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Older same-sex couples: Ask these 3 questions when divorcing

When the United States Supreme Court repealed the Defense of Marriage Act in 2015, same-sex couples gained the right to legally marry everywhere in the nation. The move ended the patchwork of laws that subjected same-sex individuals to uneven treatment when it came to their right to marry the persons they loved.

Unfortunately, same-sex couples are subject to many of the same marital stressors as heterosexual couples. Just like heterosexual marriages, same-sex marriages break down and end in divorce. For many same-sex couples -- particularly those in their late 50s and older -- the legacy of those patchwork laws of the last few decades can make divorce complicated.

Don't forget these technical issues during your divorce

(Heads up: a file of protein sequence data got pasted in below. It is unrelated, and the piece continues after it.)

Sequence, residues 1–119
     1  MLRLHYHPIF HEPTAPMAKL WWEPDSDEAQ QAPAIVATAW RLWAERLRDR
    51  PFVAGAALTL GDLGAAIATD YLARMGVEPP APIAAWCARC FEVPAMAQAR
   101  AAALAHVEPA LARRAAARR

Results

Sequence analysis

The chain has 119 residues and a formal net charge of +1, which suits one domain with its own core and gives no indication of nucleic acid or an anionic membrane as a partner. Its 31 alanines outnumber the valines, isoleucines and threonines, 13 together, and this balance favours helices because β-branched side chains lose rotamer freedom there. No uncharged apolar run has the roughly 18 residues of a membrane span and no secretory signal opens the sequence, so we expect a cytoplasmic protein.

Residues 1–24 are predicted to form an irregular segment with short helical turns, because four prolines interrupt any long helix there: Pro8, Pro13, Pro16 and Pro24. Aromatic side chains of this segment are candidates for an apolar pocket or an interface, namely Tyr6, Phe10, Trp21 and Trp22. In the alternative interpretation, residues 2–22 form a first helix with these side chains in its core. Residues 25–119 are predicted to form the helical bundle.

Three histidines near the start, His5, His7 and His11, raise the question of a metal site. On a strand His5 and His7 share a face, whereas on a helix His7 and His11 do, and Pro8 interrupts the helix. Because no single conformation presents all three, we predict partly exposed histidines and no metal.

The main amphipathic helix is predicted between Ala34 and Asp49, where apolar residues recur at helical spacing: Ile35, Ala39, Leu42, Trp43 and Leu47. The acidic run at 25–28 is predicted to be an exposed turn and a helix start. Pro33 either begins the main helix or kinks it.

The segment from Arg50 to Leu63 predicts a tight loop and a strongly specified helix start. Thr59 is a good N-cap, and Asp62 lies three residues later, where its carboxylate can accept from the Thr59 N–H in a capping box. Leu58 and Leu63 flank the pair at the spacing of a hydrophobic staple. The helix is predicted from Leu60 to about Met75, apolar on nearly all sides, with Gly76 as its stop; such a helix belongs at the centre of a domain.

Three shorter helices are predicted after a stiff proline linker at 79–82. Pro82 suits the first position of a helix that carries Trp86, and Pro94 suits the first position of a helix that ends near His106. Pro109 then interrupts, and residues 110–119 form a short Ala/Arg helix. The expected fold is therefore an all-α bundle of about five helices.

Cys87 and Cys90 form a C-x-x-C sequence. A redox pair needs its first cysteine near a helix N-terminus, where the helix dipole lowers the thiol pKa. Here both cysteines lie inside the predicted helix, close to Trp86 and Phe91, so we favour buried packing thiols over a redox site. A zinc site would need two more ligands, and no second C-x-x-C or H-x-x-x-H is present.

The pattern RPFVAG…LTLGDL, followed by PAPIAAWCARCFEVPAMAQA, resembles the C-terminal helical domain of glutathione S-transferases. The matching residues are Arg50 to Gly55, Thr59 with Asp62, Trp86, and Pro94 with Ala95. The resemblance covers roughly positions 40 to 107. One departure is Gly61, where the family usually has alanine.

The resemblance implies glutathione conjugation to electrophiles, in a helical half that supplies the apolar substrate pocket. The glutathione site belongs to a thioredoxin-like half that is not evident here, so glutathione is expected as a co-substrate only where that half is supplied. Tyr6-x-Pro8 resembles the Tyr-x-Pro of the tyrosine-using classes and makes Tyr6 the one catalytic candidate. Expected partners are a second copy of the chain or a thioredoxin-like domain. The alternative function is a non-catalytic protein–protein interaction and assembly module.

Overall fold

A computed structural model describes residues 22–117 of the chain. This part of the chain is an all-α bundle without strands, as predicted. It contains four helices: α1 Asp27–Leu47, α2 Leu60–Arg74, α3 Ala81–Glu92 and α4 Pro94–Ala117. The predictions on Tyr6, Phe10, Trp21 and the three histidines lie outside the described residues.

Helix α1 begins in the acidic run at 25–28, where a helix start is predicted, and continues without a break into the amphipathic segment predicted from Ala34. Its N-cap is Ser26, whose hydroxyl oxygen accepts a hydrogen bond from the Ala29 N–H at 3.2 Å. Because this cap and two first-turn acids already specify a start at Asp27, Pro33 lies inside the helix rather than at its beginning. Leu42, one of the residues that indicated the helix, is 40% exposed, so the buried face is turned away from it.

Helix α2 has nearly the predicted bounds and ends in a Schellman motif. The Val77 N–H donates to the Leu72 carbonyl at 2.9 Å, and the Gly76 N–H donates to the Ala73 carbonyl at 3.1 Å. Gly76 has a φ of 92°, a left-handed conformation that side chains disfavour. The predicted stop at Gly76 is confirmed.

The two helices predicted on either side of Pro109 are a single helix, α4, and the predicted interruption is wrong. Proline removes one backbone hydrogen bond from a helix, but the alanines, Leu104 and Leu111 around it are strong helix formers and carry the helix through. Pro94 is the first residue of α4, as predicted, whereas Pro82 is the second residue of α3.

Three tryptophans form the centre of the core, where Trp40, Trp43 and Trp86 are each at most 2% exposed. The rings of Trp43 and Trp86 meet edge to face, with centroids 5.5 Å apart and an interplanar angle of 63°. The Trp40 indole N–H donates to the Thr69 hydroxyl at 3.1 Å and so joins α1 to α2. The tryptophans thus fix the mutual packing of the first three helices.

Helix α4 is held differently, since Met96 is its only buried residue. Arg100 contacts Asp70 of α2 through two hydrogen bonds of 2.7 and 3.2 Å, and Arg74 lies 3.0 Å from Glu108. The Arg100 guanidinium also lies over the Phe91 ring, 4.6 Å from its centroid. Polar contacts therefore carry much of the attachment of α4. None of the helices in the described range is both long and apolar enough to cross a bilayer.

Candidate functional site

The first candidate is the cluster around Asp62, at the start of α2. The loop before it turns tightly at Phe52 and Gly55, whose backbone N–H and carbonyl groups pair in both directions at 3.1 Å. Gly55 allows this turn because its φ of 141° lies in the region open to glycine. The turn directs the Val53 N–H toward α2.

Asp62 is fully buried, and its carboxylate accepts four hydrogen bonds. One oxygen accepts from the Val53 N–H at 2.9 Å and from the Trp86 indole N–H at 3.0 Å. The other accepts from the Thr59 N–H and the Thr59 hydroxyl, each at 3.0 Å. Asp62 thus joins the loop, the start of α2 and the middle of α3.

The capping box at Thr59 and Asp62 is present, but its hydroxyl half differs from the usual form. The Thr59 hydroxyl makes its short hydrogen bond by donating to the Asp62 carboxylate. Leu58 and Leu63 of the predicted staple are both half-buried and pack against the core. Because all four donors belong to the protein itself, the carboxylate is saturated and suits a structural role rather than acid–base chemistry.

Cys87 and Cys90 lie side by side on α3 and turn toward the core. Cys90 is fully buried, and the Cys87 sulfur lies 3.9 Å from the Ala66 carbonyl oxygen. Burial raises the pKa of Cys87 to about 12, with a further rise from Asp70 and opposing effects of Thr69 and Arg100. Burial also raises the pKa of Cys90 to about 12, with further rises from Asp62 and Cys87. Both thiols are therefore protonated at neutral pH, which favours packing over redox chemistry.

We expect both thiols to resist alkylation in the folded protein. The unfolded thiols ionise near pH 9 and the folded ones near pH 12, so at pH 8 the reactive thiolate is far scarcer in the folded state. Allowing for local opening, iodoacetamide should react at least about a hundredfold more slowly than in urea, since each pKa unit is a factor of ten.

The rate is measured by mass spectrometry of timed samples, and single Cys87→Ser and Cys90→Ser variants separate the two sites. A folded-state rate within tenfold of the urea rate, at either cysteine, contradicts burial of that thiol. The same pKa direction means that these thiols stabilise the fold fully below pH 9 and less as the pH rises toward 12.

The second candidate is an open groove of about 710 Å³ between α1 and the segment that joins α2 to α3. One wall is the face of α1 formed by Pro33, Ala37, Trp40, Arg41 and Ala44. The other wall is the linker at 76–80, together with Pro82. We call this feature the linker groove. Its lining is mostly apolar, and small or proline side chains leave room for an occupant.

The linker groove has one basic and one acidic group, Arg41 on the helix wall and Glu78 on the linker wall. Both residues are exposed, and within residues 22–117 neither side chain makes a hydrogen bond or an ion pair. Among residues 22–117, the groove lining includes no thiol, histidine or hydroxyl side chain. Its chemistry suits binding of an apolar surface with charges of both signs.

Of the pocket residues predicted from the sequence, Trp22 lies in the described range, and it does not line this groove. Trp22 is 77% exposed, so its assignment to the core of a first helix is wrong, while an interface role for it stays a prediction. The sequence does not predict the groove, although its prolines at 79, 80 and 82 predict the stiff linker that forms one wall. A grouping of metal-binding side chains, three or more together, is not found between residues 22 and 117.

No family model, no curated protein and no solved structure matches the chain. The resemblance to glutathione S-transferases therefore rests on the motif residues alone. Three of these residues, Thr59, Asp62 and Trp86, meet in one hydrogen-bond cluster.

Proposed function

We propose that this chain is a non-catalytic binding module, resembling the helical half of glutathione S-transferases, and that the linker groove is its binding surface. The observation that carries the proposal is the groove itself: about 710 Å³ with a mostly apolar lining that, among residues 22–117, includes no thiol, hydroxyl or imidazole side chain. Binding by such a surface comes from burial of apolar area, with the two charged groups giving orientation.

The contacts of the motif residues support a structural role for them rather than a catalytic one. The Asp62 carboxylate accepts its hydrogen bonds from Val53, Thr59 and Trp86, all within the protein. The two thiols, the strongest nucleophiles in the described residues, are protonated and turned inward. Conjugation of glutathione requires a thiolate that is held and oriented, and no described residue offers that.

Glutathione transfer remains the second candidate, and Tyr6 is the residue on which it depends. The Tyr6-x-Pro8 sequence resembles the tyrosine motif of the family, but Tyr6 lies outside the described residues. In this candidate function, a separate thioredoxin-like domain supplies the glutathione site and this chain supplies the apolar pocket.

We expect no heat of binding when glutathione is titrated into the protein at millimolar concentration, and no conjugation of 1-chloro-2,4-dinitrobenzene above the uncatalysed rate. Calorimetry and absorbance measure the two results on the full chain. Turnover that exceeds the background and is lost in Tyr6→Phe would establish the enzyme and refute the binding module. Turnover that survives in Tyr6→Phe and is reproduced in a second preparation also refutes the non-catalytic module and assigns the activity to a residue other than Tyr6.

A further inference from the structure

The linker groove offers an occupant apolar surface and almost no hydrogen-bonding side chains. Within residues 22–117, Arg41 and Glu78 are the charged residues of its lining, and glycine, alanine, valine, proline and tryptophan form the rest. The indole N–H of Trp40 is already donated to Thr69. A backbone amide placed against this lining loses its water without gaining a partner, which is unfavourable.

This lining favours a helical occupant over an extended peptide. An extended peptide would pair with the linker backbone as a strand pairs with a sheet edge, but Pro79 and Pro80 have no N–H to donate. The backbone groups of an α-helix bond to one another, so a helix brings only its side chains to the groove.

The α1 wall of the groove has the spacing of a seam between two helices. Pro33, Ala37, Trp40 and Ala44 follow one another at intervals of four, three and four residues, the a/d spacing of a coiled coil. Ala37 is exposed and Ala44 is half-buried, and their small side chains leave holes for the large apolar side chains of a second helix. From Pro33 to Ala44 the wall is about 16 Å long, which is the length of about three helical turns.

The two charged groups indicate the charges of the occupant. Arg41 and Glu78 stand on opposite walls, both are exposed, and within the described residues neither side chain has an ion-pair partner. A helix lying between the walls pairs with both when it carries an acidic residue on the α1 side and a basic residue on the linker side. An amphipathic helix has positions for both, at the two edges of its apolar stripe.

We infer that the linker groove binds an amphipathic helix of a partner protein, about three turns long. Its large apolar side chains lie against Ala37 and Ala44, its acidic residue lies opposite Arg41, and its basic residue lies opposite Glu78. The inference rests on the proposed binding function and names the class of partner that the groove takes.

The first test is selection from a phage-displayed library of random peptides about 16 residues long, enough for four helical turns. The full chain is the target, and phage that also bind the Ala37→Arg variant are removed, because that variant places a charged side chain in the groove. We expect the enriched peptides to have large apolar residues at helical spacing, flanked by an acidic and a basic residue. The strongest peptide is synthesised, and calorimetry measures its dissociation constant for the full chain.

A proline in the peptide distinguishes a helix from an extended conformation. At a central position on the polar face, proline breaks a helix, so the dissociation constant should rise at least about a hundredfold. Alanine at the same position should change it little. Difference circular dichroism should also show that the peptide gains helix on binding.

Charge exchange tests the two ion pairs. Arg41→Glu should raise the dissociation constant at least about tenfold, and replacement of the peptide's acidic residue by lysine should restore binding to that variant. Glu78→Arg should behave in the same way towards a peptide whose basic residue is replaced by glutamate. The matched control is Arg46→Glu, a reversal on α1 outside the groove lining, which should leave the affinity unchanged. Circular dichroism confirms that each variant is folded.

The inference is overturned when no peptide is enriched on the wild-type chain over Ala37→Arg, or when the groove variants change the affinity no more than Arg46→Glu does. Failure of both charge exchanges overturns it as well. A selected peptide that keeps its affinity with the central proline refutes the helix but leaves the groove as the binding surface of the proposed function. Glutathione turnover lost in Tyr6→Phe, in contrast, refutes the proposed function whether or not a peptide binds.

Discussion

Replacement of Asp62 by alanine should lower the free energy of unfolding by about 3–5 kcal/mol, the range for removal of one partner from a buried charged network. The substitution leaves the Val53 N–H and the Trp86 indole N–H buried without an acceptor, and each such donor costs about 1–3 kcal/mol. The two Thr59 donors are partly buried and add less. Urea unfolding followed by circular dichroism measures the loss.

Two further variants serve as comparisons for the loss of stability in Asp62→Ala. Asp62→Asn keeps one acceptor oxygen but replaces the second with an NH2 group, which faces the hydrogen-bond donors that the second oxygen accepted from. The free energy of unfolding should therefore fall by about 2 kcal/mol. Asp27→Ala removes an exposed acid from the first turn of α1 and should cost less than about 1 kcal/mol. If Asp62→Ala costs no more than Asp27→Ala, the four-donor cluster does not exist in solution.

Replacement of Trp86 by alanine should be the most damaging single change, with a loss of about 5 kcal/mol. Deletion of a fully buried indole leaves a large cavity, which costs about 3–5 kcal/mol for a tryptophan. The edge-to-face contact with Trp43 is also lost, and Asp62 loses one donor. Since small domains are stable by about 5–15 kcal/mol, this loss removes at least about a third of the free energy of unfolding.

We live in a world that's increasingly technological -- which means that part of divorce includes disentangling yourself from your spouse wherever you're connected through tech.

Most of the time, people think that means changing the password on their Netflix account once they move out so their ex-spouse can't share the service from a distance. But that's only the start of the steps you need to take.

The toll of domestic violence on children is greater than feared

There's a lot of new research emerging that's focused on the effects of domestic violence on children. Researchers are finding out that abuse actually affects children -- and the adults those children later become -- in far worse ways than they ever imagined.

Here are some of the most important things researchers have discovered about domestic violence and its aftermath:

Dividing common household items in a divorce

When you get divorced, you have to divide everything up -- including all the household items that you've gathered over the years. That means the furniture, the things in your cupboards and the items that have accumulated in your garage.

Some of those household items are merely practical. Taking them with you means that you don't have to spend a lot of extra money right away to replace them. Other items may also have sentimental value.